I don’t have a problem with that provided you do not have a problem that others genuinely feel more attached to those in Liverpool than in Dundalk and view it in equal and non-malicious terms, or try to undermine the East-West connection. Of course there are elements of “spill over” from the Republic of Ireland to Northern Ireland Protestants and elements of “spill over” from Great Britain to Northern Ireland Catholics as well as of course elements of spillover between the UK and the Republic of Ireland.

    However, if like dub you say that British culture “does not really mean anything” it is the height of nonsense. It is that which de facto means the most. Most of the culture is Northern Irish Protestants is British, not Northern Irish or Ulster Scots but British. Britishness in Northern Ireland is a real and living culture, and not something which nationalists have any right to wish to try to diminish or unnaturally alter. If you agree to that then fine. People like dub obviously do not.

  • Ulster-Scots is a scam, perpetrated by bigots, perverts and chancers, nothing more than that.
    http://skinflicks.blogspot.com/2007/10/ulster-scots-scam.html

  • Franzipan

    @michael

    For example, i could easily say that growing up watching Friends and listening to the news on CNN makes me American with minor variations like my accent (but thats easily changed). Is that a sound anthropological argument?

    Absolutely it is valid to talk of an “anglosphere” stratum of culture. It exists. It creates political differences e.g. “special relationship” between the US and UK.

    More widely there are also elements of culture common to “Christendom” etc. as opposed to Islamic cultures for example.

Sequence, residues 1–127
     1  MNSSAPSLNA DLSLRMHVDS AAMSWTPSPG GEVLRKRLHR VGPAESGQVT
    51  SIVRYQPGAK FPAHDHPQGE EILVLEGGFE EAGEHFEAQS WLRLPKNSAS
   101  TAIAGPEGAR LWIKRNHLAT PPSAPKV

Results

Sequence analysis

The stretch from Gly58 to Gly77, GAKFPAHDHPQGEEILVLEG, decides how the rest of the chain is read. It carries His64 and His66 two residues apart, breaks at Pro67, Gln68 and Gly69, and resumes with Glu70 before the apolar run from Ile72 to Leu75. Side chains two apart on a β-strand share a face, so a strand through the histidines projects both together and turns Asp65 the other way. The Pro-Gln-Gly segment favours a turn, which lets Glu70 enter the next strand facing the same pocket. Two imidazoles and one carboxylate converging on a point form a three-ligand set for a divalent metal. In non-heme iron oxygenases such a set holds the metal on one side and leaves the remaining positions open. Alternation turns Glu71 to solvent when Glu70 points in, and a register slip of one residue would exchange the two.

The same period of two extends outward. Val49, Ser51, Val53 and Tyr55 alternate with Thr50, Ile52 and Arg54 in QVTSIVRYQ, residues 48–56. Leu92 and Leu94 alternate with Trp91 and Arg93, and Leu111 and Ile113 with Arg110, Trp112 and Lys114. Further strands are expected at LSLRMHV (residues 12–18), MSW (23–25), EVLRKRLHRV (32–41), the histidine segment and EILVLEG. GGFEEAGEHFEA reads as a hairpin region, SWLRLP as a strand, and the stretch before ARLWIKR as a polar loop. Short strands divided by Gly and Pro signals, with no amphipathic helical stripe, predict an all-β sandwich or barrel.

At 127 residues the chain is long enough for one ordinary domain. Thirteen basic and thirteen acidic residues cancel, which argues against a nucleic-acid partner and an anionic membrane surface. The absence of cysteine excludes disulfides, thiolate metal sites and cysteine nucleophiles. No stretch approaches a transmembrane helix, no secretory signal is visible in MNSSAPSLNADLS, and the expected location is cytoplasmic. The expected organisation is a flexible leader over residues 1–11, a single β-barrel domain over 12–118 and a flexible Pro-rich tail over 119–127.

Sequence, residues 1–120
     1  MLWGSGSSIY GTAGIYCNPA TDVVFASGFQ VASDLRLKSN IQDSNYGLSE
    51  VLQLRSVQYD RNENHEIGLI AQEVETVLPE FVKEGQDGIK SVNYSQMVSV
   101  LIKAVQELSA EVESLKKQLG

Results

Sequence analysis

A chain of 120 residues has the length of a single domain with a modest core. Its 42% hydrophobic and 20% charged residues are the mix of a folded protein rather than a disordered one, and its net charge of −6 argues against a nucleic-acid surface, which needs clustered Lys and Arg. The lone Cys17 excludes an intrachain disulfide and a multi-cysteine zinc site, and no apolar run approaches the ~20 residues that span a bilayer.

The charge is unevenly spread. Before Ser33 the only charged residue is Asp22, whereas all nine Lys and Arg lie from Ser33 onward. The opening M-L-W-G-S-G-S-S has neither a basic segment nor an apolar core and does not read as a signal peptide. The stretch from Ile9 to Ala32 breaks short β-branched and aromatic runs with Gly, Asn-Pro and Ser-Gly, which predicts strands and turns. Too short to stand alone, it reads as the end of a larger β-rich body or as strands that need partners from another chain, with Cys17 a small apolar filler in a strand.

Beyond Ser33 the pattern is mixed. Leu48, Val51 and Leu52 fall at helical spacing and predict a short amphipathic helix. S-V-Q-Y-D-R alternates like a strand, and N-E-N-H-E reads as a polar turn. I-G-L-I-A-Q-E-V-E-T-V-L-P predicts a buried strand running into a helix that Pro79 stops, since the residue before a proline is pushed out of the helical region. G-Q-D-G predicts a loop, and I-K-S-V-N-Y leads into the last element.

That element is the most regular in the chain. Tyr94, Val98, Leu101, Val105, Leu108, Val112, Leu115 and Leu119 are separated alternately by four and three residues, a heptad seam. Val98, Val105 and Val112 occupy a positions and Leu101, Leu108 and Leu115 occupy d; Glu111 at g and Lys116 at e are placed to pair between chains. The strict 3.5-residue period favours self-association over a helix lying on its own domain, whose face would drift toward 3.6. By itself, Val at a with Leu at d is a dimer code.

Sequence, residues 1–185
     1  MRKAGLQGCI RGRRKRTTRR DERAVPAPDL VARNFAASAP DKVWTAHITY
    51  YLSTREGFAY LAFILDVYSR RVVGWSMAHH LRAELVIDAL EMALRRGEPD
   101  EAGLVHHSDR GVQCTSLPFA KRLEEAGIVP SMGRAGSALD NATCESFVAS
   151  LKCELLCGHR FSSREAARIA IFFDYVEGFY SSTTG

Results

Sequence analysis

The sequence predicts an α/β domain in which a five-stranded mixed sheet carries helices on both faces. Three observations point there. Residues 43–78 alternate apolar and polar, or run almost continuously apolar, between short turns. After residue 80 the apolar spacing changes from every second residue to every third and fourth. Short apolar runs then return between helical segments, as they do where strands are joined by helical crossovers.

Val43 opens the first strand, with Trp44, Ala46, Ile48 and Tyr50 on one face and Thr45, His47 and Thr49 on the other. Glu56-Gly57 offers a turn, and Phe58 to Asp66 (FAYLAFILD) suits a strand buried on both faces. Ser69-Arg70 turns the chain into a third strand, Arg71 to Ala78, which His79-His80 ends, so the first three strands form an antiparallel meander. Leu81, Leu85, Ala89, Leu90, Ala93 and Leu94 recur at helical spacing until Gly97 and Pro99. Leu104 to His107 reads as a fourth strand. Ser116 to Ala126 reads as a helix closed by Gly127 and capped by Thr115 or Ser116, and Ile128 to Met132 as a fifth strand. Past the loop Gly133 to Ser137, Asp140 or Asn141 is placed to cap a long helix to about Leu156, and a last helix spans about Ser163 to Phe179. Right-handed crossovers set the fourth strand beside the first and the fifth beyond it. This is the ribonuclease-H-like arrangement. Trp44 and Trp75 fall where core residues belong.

I would suggest that you are narrowly defining culture in order to support your political outlook, which appears to be unionist.

    I would put it to you that I am doing quite the opposite. I am looking more widely at what culture is. The elements of “national” culture in the UK (tossing cabers, morris dancers) are relatively tokenistic and peripheral (a point made well in a speech by Trevor Phillips a couple of years ago). Most culture is shared.

    I am not defining culture in terms of what is not shared but in terms of what is, whether shared or not. GAA is a real part of Irish culture amongst one of the communities in Northern Ireland, much more than caber tossing in Scotland or morris dancing in England, that is a fact. I’m pointing out to people like dub that culture is not a matter of differentiation, and that to say that British culture is not present in Northern Ireland is ludicrous. If anything it is the strongest cultural element.

  • Billy Fish

    Yes we do ‘differ’ in Northern Ireland.

    The tragedy is that some took it upon themselves to try to murder that difference in a failed attempt to make those who differed subscribe to a particular worldview, or simply to make them dead.

  • Harry Flashman

    “To be brutally honest, to the point of insult – when and where I grew up (Newry of the Troubles) – we broadly felt much culturally closer to dundalk than Liverpool – frankly we were much culturally closer to Dundalk than Ballymena”

    I have no doubt you did (although I am a bit surprised that Bosco and Forty Coats had such an influence on your upbringing, in Derry we’d never heard of them but knew all the Blue Peter presenters and their dogs too) but I would submit you’d have felt more at ease in Liverpool, Manchester or even Glasgow than you would have done in Mullingar, Waterford or Skibbereen, I know that’s how 98% of my fellow Derry nationalists felt throughout the Troubles.

  • jone

    “I believe that there should be much academic work carried out of what is left of Ulster-Scots speech before it is too late. That is were the priority must lie for those genuine about the speech? No?”

    You’re right, but this work was left in the hands of the bunglers and duffers at the Ulster Scots Academy Implementation Group so don’t expect to see results anytime soon

  • dub

    Franzipan,

    You make a lot of good points. When I said britishness was meaningless i meant it in the sense that For most people in gb it is an umbrella nationality whereas for unionists in ni, in reaction mostly to the troubles, it became a primary nationality. this is now changing as the troubles are over,

    Flashman,